If Ogg is going to dismiss a case every time a prosecutor is found to have done something wrong in a reversal, she's going to be firing a lot of prosecutors and dismissing a lot of cases over the next four years.  I don't foresee that really happening, because Ogg is smart enough to know that cases sometimes get reversed as part of the evolution of case law.

But I do predict that Ogg is going to be regurgitating her statement on Yetman in the near future.  She wasn't talking about his case so much as she was providing foreshadowing of what she is about to do on Temple.

Friday, April 28, 2017

Racehorse Haynes

Richard "Racehorse" Haynes passed away this morning.  In today's world, the term "Legend" is thrown around a little too often for my taste, but it was a term that couldn't be more appropriate in describing Mr. Haynes.    For anyone who has had even a passing interest in Texas Criminal Law over the past sixty years, his name was synonymous with, quite simply, being regarded as the Greatest Criminal Defense Attorney. Period.

Basketball had Michael Jordan.  Texas Law had Racehorse Haynes.

When I was in Junior High up in Bryan, a friend of mine's father died, and his wealthy family ended up in a huge legal battle over his estate.  When my friend's mother hired Racehorse Haynes, it was the talk of the town.  You would have thought that Abraham Lincoln was coming to argue a case.  If I recall correctly, the case settled relatively quickly after Mr. Haynes' signing onto the case.

It wasn't until much later that it occurred to me that Mr. Haynes wasn't really known for his experience in Probate and Will cases.  I suppose his reputation was all the case actually needed.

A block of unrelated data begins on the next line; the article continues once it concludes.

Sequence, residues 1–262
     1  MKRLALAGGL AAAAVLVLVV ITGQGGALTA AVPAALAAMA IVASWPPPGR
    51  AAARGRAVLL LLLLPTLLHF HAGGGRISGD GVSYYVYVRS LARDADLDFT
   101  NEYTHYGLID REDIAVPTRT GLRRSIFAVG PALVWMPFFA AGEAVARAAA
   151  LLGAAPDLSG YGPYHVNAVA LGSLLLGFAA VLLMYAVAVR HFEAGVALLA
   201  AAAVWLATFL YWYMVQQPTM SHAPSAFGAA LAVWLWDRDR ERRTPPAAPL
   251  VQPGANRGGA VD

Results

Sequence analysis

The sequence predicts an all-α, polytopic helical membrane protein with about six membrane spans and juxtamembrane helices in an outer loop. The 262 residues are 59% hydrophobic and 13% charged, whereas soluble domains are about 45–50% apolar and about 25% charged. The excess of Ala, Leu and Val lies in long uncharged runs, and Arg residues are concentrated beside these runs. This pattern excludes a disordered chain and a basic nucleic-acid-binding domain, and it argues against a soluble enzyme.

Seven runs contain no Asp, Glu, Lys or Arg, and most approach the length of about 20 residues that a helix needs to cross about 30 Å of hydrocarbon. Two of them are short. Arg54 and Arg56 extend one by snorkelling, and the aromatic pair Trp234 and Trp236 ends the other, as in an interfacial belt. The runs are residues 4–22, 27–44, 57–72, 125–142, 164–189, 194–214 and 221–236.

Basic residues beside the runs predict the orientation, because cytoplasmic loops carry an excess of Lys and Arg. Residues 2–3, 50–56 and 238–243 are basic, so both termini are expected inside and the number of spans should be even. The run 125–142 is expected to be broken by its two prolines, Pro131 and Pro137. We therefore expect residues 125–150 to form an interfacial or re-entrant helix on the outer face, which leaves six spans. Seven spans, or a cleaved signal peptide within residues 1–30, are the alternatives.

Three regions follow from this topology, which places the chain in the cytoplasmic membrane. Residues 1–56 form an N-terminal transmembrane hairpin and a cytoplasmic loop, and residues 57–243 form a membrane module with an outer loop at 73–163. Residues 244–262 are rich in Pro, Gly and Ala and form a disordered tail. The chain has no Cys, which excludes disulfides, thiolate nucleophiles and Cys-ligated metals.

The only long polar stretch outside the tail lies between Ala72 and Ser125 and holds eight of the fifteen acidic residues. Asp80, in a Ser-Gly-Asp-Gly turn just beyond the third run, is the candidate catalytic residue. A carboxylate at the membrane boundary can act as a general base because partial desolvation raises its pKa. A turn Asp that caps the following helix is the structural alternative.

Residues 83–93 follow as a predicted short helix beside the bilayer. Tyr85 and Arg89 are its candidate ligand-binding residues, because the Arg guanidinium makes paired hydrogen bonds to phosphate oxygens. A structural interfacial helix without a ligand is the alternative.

His trials across the state were legendary, and he was legendary for winning them.  If you haven't read Blood and Money or any of the literature on the Cullen Davis trial, you are truly missing out on understanding the legal system and traditions in Texas.

I can't say that I ever really got to know Mr. Haynes.  Although he continued practicing law in the CJC right up until a few years ago, we never had anything together.  I would see him in court and on the elevators from time to time, and it always felt like a celebrity sighting.  He was a relatively short man, who was pretty quiet.   If you didn't know who he was when you saw him, you would never guess that you were in the presence of a Marine who fought at Iwo Jima, or Texas' most famous trial lawyer.

I have often said that the greatest thing about working as a criminal lawyer in Harris County, Texas is that you get to walk amongst Giants.  Our prosecutors, our defense attorneys, our crimes, and our stories are simply the best.

Racehorse Haynes was the indisputable King of those Giants.